Joseph Ribkoff is a Canadian brand that’s under the radar for a lot of people, but I always keep an eye out for it in thrift stores. Some of the stuff definitely skews “‘mature woman”, but the quality is always excellent (made in Canada, ftw!). The brand is usually priced low at VV (the most expensive thrift store in my neck of the woods), as was the case with this dress which was $9 before my 30% discount. The rose print is hard to miss, but it’s workable for, well, work. I ended up wearing the day after I published my new gothic novel baby, Gresham Park, and it seemed like a fitting choice. Dark and stormy, and all that.
Rather than add the usual black shoes, I mixed it up with burgundy … and then added more burgundy in my accessories (aka my bag) because I’m a slave to the matching of all things. It really does please me how well these Stuart Weitzman pumps go with the Amarante vernis leather of my Alma bag. Match made in matchy heaven.
I’ve been wanting a moto-style leather jacket for a while, but never pulled the trigger — leather jackets are a pricey proposition, and I wasn’t sure how versatile one would be in my wardrobe. So when I saw this good-as-new (faux) leather jacket at Value Village for $10, I jumped. What better way to try a style I’m unsure about? The wonderful upsides of thrifting, I’m telling ya. Now that I have one of these at home to play with, I’m starting to realize that a classic moto jacket is pretty much the perfect weekend topper. You can dress it up (or, looking at it from a different perspective, toughen up a girly outfit) like this, or …
… you can do the whole casual minimalist chic thing. You basically can’t go wrong with it. And it’s a good weight for spring too. I will say that the faux leather is apt to get pretty warm on sunny days, so keep that in mind.
For anyone wondering how I cleaned this puppy, I just followed the care instructions, and wiped down the outside with a damp cloth. The inside looked clean (no stains, smells, etc.) so I took my chances. Since this is not the sort of garment one wears close to the skin, I figured it would be OK. If anyone has other tips or suggestions from cleaning faux or real leather jackets at home, please share in the comments.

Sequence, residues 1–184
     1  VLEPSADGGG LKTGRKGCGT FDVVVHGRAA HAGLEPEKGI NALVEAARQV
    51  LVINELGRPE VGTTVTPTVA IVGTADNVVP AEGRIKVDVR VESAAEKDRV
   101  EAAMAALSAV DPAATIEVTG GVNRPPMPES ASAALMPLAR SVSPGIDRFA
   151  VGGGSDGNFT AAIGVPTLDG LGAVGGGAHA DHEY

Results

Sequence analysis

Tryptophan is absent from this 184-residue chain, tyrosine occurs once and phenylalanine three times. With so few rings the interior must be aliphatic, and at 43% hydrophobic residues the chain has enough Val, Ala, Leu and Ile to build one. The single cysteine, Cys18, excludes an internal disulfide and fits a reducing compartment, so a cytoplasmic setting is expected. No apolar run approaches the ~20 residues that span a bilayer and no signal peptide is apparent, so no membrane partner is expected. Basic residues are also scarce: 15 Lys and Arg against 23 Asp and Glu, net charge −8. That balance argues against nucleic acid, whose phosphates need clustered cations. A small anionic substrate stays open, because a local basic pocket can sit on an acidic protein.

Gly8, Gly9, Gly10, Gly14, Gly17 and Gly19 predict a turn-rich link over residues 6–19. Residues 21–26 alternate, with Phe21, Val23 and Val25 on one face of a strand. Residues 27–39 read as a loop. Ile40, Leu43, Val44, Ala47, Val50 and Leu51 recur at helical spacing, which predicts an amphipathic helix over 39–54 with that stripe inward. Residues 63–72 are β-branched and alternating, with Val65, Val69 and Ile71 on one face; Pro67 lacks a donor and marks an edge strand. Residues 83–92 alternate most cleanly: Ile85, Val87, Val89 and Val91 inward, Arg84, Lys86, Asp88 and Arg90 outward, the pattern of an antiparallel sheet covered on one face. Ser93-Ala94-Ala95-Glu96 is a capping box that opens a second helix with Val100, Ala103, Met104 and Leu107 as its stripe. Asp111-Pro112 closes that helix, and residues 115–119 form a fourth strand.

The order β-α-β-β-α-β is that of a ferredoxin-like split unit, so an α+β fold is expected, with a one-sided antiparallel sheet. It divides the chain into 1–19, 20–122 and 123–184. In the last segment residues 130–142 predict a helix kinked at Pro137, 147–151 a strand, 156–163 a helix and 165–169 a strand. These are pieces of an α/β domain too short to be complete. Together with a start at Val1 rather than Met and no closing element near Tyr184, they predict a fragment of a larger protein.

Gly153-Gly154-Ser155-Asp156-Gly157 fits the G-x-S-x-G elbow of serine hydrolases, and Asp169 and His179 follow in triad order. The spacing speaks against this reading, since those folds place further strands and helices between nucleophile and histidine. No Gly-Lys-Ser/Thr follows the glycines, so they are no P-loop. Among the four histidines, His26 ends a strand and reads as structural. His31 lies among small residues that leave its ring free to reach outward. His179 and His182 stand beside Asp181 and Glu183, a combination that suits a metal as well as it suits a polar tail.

I thrifted most of this outfit last week at the Sherwood Park VV; it cost less than $12. The top is Postmark, an Anthro brand, and the jeans are William Rast — and just about the softest things ever. I added a mustard yellow J. Crew cardigan and my navy TB Revas (both secondhand, via eBay and consignment respectively), and my now almost ubiquitous Mulberry Jody bag (also via eBay) for a head-to-toe pre-loved but pretty fab outfit. Maybe a little too whimsical for my age and job, but why does casual Friday exist if not to allow the rules to be stretched a little. Or a lot, hah.
You may have noticed something else new. Yep, I broke down and cut my hair. It was a totally spur-of-the-moment decision, but it all started with this picture:
This photo hangs in the window of a hair salon that I pass by every morning on my way to work. A couple of weeks ago, I actually noticed it (I’m not at my most observant first thing in the morning before my first Coke Zero of the day), and felt an immediate longing for a blunt bob. However, pragmatism won the day. First of all, I know blunt bangs are not in the cards, because I’m terrible about getting regular trims, and I hate the feeling of having hair in my eyes (which is precisely what would happen). Second, I think bobs like that look extra sharp on brunettes or platinum blondes, but I think it’s kinda meh on my faded ginger hair. So I consoled myself by deciding to give the heroine of my current Work-in-Progress that haircut instead.
But the idea of going in for a chop had taken hold. I’ve been trying to grow my hair long (past my shoulder blades long) for ages, but my length has stagnated in the past year — without even one intervening trim involved. I think that, as a result of the 3 perms I did in the past, the bottom half of my hair got really weak and brittle; I’ve been consistently getting a ton of breakage, and the hair felt super dry still (even though it hasn’t been processed in over a year, and I use very little heat on it). So, basically, I started wondering if cutting it might not be the way to go in terms of getting a fresh start. Still, I wasn’t quite ready to pull the trigger — I’m still traumatized from my last grow-out period. And then, last Thursday, I came to the office in the morning (admiring blunt bob girl along the way), and popped down the hall to say hello to a colleague … and, bam, decision made. She had just cut her hair in a “lob” (long bob), and looked fantastic. I took it as a sign — and called my hair salon as soon as it opened. Luckily, they had an open spot that day at lunch — more signs of fate — and chop-chop I went.
Long story short, here’s what my hair situation looks like now:
I know I will inevitably start missing long hair before six months are out, but for now, I’m loving the new look. A new hairstyle has the tendency to make one’s existing clothes look different, so I’m excited (and nervous) to see how that plays out.